Mandatory Service Levels and Customer Charter for Waste Collectors to be introduced next year
Minister Warns Waste Collectors they are in “Last chance Saloon” with new reforms
Speaking at the Environment Ireland Conference, Croke Park, Thursday, Sept 11th, 2014, Minister Kelly said, “I am an advocate of competition for the market and I make no secret of that fact. I believe that a system of competitive tendering operated by local authorities, either individually or working on a regional or sub-regional basis, can help to provide a robust structure for the collection of household waste in Ireland, for the following reasons:
Competitive tendering can ensure that competition occurs ex ante and in a manner which is transparent to the awarding authority.
It gives local authorities significant market power to maximise the common good, and to establish the specific terms and service conditions of the contract, such as levels of service, price and pricing structure, monitoring and adherence to environmental objectives.
Franchise bidding can also help to drive cost reductions for industry, typically through more efficient use of capital infrastructure and staffing costs. Regular renewal of the franchise ensures that the franchise winner has an interest in maintaining a positive relationship with the local authority, and its customers.
We have moved in a relatively short space of time from a system in which municipal waste authorities had full control over the waste market, but were over-stretched and under-resourced to do the job and operate to the standards required under national and EU law, to a situation in which we have handed over responsibility to the private sector, without giving the State adequate levers with which to regulate how services are provided.
This is the worst of both worlds in my view. And it has to change.
A far smoother transition would have been possible, had we moved from local authority direct provision to competition for the market.
If I was starting with a blank page, I would instruct local authorities to do just that or some variation of it. However we find ourselves in a different situation currently.
I have some significant concerns regarding the current performance of the household waste industry, for example:
the level of below-cost selling, the so-called “race to the bottom” and the environmental damage that can arise from this.
the de-stabilising effect this can have on the market generally and the extent to which it is discouraging investment in the development of badly needed indigenous waste treatment capacity.
the levels of customer service offered by a number of collectors, who are often merely ticking boxes when it comes to their customer charters, or implementation of the three-bin system without trying to drive more responsible behaviour or offer incentives.
the current compliance levels and number of enforcement actions that the EPA and local authorities are having to take against large and high profile collectors, of whom we should all expect better.
I am also very concerned that some operators appear to be ignoring some of their statutory obligations in certain areas by, for example, failing to roll-out brown bin collection services, despite the requirement to do so under the 2012 Household Food Waste Regulations.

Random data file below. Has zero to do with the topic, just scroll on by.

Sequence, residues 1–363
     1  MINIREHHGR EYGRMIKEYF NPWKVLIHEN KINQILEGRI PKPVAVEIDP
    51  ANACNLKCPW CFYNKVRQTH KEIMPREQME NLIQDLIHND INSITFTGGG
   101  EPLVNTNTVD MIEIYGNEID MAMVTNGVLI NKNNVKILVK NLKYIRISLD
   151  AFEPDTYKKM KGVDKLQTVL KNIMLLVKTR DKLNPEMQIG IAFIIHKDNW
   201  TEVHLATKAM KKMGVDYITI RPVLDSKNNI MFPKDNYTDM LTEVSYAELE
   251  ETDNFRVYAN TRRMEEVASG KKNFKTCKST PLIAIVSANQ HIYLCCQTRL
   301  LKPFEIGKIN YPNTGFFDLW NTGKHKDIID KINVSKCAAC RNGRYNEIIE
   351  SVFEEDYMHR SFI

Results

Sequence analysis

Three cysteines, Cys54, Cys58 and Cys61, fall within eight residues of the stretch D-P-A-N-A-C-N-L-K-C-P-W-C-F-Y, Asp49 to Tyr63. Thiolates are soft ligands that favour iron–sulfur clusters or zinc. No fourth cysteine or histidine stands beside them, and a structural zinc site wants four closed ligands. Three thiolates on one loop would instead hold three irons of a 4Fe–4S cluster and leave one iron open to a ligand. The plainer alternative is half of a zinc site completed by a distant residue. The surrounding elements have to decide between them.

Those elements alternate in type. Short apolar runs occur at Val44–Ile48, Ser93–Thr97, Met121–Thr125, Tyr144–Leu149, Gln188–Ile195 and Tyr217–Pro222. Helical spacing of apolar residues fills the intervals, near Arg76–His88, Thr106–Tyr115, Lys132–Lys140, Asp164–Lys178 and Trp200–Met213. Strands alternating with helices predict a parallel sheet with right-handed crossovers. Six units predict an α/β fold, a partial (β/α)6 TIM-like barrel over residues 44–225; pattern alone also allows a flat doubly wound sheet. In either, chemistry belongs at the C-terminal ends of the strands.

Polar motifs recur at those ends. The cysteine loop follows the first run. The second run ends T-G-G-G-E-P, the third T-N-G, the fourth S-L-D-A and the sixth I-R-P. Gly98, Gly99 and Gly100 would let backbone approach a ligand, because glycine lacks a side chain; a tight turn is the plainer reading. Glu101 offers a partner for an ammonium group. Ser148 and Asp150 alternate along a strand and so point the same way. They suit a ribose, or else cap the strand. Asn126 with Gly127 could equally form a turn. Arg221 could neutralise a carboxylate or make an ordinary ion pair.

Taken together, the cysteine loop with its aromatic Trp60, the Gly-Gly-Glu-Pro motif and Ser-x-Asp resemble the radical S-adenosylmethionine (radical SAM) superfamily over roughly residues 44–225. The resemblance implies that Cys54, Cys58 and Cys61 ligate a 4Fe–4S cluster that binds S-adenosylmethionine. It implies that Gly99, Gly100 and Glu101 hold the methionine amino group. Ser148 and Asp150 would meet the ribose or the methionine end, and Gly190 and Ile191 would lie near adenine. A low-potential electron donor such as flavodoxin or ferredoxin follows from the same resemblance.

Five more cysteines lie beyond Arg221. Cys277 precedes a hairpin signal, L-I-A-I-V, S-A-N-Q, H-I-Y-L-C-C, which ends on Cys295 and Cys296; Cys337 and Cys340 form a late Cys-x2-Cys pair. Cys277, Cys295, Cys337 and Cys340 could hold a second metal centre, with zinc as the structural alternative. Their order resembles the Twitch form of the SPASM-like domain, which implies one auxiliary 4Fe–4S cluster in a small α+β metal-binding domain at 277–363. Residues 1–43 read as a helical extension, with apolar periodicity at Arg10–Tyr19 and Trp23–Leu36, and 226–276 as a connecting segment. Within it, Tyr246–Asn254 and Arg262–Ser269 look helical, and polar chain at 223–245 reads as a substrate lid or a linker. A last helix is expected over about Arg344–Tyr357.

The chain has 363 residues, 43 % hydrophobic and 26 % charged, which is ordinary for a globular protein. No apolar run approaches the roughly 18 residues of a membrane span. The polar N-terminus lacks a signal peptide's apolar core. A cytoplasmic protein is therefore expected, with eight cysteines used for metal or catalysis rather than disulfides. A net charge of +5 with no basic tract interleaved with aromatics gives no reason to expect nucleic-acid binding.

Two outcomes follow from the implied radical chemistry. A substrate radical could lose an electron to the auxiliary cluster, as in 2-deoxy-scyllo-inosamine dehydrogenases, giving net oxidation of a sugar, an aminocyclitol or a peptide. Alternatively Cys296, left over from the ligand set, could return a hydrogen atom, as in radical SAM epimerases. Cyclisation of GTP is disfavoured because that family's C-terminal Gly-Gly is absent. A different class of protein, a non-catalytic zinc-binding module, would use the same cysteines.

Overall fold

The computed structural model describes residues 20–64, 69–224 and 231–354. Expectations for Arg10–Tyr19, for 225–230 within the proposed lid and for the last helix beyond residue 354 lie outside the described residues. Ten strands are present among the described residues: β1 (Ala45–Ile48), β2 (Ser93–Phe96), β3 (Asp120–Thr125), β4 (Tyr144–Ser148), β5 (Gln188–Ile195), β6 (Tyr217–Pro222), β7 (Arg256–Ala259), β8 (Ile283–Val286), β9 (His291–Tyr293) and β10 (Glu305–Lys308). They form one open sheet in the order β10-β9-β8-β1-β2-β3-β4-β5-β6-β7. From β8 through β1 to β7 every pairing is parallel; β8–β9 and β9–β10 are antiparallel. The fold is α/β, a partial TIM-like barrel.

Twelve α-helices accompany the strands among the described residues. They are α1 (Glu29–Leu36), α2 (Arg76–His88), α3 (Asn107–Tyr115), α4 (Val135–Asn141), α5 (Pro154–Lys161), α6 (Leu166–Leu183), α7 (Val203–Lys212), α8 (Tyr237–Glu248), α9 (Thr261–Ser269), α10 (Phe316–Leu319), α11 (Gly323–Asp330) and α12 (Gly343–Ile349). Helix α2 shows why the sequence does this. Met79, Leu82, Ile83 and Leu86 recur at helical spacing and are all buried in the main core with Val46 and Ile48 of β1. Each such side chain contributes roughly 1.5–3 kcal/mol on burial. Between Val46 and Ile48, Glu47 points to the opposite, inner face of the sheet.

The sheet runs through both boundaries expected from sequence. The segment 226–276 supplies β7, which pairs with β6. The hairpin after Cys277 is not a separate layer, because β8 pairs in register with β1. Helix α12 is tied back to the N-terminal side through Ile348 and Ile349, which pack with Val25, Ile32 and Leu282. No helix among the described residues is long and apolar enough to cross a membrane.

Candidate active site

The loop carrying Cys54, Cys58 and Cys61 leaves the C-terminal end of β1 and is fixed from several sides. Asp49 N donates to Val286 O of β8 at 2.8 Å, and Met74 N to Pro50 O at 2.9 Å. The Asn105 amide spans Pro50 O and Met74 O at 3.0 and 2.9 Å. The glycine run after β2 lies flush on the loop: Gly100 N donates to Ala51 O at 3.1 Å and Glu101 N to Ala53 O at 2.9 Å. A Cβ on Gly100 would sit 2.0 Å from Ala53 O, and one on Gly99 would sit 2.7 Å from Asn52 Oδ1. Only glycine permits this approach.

All of these factors suggest to me that we have an industry that needs to be radically shaken up, modernised and professionalised. And it is my intention to do this and end this “race to the bottom”.
It is stated Government policy that household waste collection will be organised under an improved regulatory regime. My Department has been working for some time on a new regulatory regime to provide for that and to introduce a number of very fundamental changes to how the collection regime operates.
From next year, a number of measures will be introduced to specifically tackle these issues. To incentivise the greater reduction of waste and to move towards the long-term goal of zero waste, paying by weight for collection will become a reality for all consumers. Waste collection companies will also be signing up to specifically mandated service levels as well as statutory customer charters while a ban on the below-cost selling of waste will be introduced. The failure to adhere to agreed service levels will automatically result in a permit review – something that has not been seen before. This will create a challenge for waste collectors but to put it simply, something must be done.
Notwithstanding my preference for a system of franchise bidding, I am prepared to proceed with the reform programme, to give it the necessary teeth to make it as effective as possible and to give it a chance to bed in.
The “Race to the Bottom” is also directly contributing to a destabilising of the industrial relations situation in the waste sector – something that is benefitting neither customer, nor worker, nor the environment. I support the concept a statutory wage-setting mechanism for the industry to ensure stability, certainty and industrial peace. I know as recently as this week that Minister Nash’s Department of Jobs, Enterprise & Innovation has written to the Labour Court requesting examination of such a concept as part of the process around such agreements.
However, if next year the level of compliance with the new reforms is not sufficient, then I am prepared to take steps next year to review the current regime and system and consider other market approaches that can deliver the necessary improvements for all household waste collection markets in Ireland.
In that regard, the waste industry needs to be clear though: the new regulatory framework is the “last chance saloon” for the industry to demonstrate that they can work individually and collectively to improve performance, standards and levels of service and compliance records. I will give consideration to introducing a different market structure in the future if this does not occur.